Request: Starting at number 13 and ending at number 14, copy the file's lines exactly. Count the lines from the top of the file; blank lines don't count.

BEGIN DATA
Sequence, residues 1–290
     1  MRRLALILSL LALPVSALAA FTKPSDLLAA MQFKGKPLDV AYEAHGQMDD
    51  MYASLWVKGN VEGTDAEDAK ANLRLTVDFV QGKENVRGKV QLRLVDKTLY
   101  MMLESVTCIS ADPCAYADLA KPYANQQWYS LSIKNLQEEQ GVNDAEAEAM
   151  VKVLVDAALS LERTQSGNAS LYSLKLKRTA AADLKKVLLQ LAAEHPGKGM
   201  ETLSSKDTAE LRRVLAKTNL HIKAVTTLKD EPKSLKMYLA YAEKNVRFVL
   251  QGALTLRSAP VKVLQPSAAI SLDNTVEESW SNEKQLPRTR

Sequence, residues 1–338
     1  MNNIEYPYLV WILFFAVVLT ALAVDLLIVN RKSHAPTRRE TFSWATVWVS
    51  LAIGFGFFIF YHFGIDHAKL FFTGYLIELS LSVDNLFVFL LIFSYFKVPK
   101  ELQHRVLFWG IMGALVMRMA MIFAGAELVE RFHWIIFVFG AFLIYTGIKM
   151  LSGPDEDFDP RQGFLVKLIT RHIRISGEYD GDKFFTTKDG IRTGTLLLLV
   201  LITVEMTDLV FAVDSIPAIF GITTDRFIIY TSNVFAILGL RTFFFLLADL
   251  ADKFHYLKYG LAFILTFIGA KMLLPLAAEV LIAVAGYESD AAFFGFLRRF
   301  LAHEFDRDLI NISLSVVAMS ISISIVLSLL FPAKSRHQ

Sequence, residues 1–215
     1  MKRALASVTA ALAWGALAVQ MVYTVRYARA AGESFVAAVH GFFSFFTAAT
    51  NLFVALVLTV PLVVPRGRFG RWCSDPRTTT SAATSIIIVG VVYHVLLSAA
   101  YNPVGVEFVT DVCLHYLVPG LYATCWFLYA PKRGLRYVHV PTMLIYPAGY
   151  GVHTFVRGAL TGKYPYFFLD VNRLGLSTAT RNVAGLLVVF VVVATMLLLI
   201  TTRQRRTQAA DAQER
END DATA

   201  LITVEMTDLV FAVDSIPAIF GITTDRFIIY TSNVFAILGL RTFFFLLADL
   251  ADKFHYLKYG LAFILTFIGA KMLLPLAAEV LIAVAGYESD AAFFGFLRRF